During my days at Vesess, making presentations was pretty much 80% of what I did. Design support was from Prabhath, while tweaking the overall focus was done with Lankitha’s support.
My experiences in debating lent themselves to an advantage in presenting in front of an audience, which sometimes led people to think I had an innate talent in presenting.
Nothing could be further from the truth. Being an inherently shy person and a Geek to boot, social interaction was never my forte. That is probably why my mother encouraged me to join in debating and Interact. During my stints in both organisations in school, I studied my seniors as well as others in how they presented themselves, developed relationships and handled situations. These self-taught lessons would thereafter be mashed together with my own perspectives to define my own style of doing things.
So while I may have had some experience in speaking in front of an audience (which in many cases is the biggest hurdle of them all), I was by no means an accomplished presenter. However, thanks to the internet I was able to expand my learning and thought I’d share some of my favourite resources with you:
- Seth Godin did an ebook called “Really Bad Powerpoint”. A google search would yield the .pdf file, while his article can be found here.
- Garr Reynold’s did a summary of a book by Dr. John Medina – “Brain Rules” – on Slideshare, which can be found here.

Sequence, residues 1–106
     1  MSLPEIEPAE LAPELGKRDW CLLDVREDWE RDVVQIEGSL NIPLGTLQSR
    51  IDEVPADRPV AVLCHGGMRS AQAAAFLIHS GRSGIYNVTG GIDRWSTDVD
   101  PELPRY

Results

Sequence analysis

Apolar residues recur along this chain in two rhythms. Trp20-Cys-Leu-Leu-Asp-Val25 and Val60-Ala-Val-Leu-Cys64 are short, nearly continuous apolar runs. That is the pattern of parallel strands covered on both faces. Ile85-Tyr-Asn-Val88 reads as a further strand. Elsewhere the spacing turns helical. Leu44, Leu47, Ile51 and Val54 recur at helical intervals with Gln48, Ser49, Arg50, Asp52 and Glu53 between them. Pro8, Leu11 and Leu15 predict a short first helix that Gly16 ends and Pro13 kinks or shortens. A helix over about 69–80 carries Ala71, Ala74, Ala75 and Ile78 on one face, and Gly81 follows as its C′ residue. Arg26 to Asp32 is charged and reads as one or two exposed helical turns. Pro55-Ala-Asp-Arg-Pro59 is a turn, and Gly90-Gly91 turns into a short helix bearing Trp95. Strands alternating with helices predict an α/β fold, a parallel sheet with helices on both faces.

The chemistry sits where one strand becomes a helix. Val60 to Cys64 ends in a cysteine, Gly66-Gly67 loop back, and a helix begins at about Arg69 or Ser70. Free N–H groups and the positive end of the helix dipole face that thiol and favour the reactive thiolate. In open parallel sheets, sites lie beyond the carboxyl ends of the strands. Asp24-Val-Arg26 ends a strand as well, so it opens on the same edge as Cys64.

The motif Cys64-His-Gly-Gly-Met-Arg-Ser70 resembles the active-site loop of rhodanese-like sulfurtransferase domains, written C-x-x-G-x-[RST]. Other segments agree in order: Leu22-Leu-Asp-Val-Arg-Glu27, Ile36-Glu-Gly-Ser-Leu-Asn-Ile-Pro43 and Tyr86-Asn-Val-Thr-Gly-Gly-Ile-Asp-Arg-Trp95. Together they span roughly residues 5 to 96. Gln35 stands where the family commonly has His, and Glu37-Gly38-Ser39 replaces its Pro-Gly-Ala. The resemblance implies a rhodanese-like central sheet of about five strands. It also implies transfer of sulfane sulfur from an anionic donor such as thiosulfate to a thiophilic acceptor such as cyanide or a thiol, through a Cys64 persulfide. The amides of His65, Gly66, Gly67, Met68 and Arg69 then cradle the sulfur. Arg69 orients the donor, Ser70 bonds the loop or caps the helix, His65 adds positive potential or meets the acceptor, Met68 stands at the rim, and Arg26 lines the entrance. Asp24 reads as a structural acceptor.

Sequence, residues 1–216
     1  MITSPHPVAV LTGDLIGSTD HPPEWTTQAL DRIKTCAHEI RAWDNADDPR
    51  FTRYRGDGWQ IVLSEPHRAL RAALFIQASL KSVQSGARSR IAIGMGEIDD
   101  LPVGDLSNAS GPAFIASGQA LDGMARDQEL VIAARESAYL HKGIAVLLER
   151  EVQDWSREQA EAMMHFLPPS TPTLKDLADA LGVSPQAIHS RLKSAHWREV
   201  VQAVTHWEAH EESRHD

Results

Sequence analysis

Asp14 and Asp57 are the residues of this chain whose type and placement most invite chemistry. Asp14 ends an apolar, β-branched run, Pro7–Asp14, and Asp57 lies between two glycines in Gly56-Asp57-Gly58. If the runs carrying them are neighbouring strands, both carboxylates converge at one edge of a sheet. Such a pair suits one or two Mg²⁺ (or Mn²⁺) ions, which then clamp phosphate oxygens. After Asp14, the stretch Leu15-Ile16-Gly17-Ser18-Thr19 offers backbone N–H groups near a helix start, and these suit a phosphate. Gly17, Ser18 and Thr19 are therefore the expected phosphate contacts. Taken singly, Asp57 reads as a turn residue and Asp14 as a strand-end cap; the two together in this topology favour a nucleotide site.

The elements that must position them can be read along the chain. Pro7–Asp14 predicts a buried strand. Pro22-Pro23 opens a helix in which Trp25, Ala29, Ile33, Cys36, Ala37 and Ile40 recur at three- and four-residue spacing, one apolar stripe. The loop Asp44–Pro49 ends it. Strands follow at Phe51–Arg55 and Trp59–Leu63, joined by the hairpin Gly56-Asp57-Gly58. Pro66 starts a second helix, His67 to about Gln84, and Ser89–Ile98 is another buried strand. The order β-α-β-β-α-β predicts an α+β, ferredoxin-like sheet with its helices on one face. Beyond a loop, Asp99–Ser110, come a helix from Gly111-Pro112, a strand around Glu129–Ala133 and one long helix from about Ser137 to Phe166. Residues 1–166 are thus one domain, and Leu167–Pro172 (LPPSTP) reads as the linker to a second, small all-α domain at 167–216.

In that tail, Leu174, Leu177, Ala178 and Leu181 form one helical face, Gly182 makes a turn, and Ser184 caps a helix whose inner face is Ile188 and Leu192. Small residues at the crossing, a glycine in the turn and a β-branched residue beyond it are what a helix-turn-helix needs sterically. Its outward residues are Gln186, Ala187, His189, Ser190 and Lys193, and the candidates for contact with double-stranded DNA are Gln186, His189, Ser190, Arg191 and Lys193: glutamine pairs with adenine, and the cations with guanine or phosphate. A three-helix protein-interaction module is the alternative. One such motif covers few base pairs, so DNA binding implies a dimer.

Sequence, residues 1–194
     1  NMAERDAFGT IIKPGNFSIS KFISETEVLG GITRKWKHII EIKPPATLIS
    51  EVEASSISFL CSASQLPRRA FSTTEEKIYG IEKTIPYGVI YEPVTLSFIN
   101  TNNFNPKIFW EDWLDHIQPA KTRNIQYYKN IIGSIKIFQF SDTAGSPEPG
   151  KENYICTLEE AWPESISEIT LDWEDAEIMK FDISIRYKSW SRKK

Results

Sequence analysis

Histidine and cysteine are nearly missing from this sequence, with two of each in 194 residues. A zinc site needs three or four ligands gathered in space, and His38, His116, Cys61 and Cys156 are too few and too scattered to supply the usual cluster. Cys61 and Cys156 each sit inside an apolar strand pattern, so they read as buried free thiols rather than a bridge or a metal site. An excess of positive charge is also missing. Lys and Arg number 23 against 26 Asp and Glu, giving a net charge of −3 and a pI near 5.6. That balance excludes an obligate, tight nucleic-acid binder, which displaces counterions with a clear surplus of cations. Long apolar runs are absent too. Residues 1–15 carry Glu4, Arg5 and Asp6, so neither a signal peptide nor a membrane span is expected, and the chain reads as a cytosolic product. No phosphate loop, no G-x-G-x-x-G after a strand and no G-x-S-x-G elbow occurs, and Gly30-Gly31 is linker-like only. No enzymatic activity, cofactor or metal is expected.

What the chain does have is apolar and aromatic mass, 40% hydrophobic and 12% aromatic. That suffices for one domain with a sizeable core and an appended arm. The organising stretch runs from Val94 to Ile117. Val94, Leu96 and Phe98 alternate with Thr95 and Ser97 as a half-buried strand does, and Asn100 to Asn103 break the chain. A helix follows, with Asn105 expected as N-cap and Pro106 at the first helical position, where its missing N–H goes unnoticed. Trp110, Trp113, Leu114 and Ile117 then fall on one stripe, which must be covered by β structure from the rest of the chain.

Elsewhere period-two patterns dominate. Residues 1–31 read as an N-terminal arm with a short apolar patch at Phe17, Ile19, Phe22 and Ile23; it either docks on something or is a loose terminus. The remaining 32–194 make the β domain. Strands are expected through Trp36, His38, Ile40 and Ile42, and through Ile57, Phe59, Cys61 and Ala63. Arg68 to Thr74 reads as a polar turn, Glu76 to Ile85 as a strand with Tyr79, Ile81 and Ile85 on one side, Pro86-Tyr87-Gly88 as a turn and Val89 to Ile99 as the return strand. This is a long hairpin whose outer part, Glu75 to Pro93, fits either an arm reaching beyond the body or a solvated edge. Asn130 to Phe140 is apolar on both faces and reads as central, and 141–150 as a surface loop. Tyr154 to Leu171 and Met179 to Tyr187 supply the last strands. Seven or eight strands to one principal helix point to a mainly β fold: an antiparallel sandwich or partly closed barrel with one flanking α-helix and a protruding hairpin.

- Garr Reynold’s site “Presentation Zen” does a good job of highlighting the work of one of arguably the world’s best presenters – Steve Jobs.
- You can watch Steve Jobs demo the Macintosh in 1984 on Youtube by clicking here and you can watch him demo the iMac here. Both are interesting to watch. If at all, I identify with Steve not so much in terms of presentation skill, but in terms of receding hairline…
On a completely unrelated note, many thanks to Jack Point for linking to some cool retro songs!
Lifehacker did an article on Windows performance myths sometime last year which mentioned that RAM optimizers/defraggers were the equivalent of snake oil.
However, the benefits of defragmenting the hard disk haven’t been debunked yet (or at least not as per my cursory googling), so my obsessive weekly/monthly defrag runs haven’t been in vain.
One tool that would be of use in keeping a well defragmented hard disk would be a simple command-line utility called Contig. This doesn’t help very much in putting files towards the beginning of the partition like other defraggers, but when you have a few files that are regularly fragmented (thus causing delays in file access) Contig can help ease the trouble by addressing only the specific files affected.
I generally run Contig after first using the built-in Windows Defragmenter tool to see what files have the highest fragmentation. I then run Contig on these files (generally my Personal Mail folders – .pst files) to ensure that they form contiguous files and therefore should increase system performance.
Do you defragment your hard disk? What do you use for that purpose?